Read on to find out more about bushcraft and cooking a fish in the wild.  



Learn more about preparing fin, feather, and fur as well as knife sharpening, shelter building, and fire lighting in our weekend bushcraft course.

 

Cooking fish in the wild:  split stick

Perhaps the best know bushcraft method for cooking a fish is the split stick.  Here is how to cook fish using this method.

  1. Choose a length of non-toxic wood,  such as willow or hazel, around 2m long and 5 cm thick. Split the stick lengthways down the middle for around 30 cm.
  2. Butterfly the fish so that it opens out and can be laid flat with the inner flesh exposed.
  3. Make cross sticks. These should be around the thickness of your finger and around double the length of the width of the butterflied fish. Remove the back from the sticks and sharpen them into a point at each end.
  4. Bring it all together – thread the cross sticks through the butterflied fish and fit the fish, now held open with the cross sticks, into the split stick you made earlier.
  5. Now, make a tripod to hold you split stick, or simply stick it in the ground with a supporting stick along the length of the main split stick, and cook your fish over the fire.

Cooking fish in the wild:  steaming

Steaming fish might seem like an elaborate method of cooking fish, but bushcraft is about being in harmony with nature; not ‘surviving’ or ‘overcoming’ it.  

  • Start with the fire

    Start cooking when your fire burning down to the embers, or use a ‘keyhole’ shaped fire pit from which you can scrape the embers without impacting on the fire. Lay several handfuls of sphagnum moss over the embers, so that the roots and mud of the moss face toward the fire. Place your gutted fish on top of this moss then cover with another handful of moss, placed with the roots facing towards the sky.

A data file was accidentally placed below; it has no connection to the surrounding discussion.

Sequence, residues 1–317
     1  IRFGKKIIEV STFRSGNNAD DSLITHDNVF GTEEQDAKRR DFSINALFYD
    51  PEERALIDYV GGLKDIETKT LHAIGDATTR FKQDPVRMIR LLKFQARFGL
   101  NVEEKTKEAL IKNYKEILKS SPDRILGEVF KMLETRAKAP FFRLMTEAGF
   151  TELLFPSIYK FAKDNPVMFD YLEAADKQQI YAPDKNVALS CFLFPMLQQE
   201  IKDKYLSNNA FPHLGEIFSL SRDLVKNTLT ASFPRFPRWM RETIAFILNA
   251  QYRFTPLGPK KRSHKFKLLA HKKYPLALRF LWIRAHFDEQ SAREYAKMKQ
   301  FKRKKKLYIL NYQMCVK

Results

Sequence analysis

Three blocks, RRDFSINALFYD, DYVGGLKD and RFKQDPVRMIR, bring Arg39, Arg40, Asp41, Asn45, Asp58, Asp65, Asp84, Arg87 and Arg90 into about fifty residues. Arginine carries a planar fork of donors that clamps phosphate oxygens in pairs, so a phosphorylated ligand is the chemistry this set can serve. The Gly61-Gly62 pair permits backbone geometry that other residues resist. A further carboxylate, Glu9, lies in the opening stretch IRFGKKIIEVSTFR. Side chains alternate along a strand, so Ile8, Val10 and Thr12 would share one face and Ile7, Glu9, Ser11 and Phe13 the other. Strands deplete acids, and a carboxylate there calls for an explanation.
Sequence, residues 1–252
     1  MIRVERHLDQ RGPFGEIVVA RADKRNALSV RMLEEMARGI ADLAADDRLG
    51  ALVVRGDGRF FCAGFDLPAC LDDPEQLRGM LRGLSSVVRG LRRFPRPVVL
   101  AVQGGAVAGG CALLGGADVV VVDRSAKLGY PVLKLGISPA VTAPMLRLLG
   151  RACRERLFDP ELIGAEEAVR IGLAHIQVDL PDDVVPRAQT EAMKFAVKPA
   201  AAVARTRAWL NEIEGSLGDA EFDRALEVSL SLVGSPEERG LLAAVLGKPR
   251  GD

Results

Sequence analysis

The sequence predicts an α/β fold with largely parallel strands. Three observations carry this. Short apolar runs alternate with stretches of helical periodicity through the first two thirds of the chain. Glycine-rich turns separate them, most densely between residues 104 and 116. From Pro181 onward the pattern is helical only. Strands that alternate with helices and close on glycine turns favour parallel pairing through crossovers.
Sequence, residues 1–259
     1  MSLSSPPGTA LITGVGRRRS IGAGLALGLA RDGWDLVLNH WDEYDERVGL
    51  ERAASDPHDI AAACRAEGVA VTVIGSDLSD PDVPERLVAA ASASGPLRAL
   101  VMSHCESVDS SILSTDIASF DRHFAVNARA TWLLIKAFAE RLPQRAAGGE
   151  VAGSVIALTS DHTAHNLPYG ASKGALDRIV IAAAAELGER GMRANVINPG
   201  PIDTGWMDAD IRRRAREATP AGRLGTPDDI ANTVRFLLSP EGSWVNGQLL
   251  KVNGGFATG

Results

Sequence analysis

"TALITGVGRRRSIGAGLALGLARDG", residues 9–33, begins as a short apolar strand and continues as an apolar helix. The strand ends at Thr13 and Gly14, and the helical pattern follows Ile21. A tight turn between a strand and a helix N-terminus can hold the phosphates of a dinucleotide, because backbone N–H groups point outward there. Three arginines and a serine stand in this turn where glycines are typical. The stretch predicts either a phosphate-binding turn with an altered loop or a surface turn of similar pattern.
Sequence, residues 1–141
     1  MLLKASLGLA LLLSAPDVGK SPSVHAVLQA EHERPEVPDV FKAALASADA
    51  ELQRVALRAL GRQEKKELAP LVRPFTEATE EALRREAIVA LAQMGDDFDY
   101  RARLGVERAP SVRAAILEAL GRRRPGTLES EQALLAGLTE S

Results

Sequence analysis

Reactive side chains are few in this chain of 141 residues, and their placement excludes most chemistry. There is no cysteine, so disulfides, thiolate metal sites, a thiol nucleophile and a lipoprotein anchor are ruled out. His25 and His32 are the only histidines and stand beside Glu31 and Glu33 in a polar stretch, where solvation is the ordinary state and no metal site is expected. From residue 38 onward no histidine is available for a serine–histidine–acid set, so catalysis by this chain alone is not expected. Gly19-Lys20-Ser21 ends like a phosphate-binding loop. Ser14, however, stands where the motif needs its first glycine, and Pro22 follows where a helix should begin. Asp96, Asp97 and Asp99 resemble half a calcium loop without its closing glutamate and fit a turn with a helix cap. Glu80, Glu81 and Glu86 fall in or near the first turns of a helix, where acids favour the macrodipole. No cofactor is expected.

• Wait for the steamWait until steam begins to rise from the moss, once it begins to steam then leave your fish to steam for around thirty minutes before testing if it is ready to eat. If the fish is ready then the skin should slip easily away from the flesh.



Learn more about preparing fin, feather, and fur as well as knife sharpening, shelter building, and fire lighting in our weekend bushcraft course.

 

Key pieces of kit 

Here are a few pieces of kit that we mentioned on this blog. Have a look below and feel free to buy them via the links below. Keep in mind that, with the exception of Bear Blades,  Wildway Bushcraft is not associated with any of the products or manufacturers listed below; we don’t get anything from them if you choose to buy anything.

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Knives

Bushcraft knife Bear Blades
Wildway Bushcraft uses Bear Blades.

“Constructed from superb quality D2 steel this knife is ideal for bushcraft and wood crafting. Our most popular knife due to its versatility and functionality, suited to tough daily use in the woods.”
http://bearblades.co.uk/   

Fallkniven DC4
falkniven DC4

This diamond/ceramic whetstone is perfect for use in the field.  
https://www.fallkniven.com/en/knife/dc4/ 

Further reading